Religion is a Set of Symbols and Metaphors?

Even Dexter is a little skeptical that religion is just a set of symbols and metaphors to express the inexpressible

Even Dexter is a little skeptical that religion is just a set of symbols and metaphors  used to express the inexpressible

I just finished watching an interesting interview with Professor Reza Aslan who says that religion is basically a coded language of symbols and metaphors that provide ‘a language’ which allows someone to ‘express the inexpressible’.

You can watch the video for yourself at the bottom of this post.

Anyhow, the host of the interview (Cenk Uygur of The Young Turks) asks a poignant question about why someone would choose to use symbols and metaphors that are both untrue and violent in nature.

Reza’s answer was less than satisfying. Instead of answering the question directly, he asks Cenk why he chooses to use English. He goes on to point out that language is just a way of passing on a message using symbols like religion. Religion (he says) is the language religious people use to pass on their messages of faith etc. He then gives an example of a Christian saying to another Christian that they’ve been ‘washed in the blood of the lamb’. The Christian would know what the other person was saying because they’re using Christian symbols and metaphors, while a practitioner of Judaism wouldn’t know what they were talking about.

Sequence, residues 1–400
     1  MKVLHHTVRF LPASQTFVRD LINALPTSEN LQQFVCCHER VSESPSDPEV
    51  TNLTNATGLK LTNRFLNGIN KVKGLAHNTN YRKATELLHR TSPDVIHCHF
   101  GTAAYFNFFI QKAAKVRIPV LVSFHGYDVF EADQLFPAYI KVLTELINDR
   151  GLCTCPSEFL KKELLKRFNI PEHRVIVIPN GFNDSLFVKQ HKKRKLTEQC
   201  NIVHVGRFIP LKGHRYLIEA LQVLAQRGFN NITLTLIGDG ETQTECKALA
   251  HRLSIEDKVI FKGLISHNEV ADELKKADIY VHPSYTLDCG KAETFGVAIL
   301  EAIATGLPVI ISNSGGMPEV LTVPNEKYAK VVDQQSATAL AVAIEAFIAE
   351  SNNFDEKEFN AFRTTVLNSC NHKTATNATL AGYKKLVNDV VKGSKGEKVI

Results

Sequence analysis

Alright, so there is the groundwork to their discussion . Now I’m going to tell you why I think Reza’s comparison to language is a side-step of the issue.

English can be used to construct a metaphor, but it isn’t one by itself. Any language can be used to construct a metaphor, but it isn’t one by itself. I am using English to construct this blog post, but those words – each by itself – does not constitute a blog post.

English doesn’t tell people what to believe, how to believe it or what is true about the nature of reality and what isn’t. Religion often attempts to do that using English or language of any kind.

Cenk’s point is well made – why use those metaphors and symbols if you know they aren’t true and contain many violent passages?

Even if you are merely using your religion as a way of passing on ideas and information, why not use language that doesn’t contain mythology and violence?

And what exactly is Reza refferring to as ‘inexpressible’? If it can’t be expressed, then religion wouldn’t be able to express it either, yet he is implying that it is the only medium able to do so. So is it expressible or inexpressible?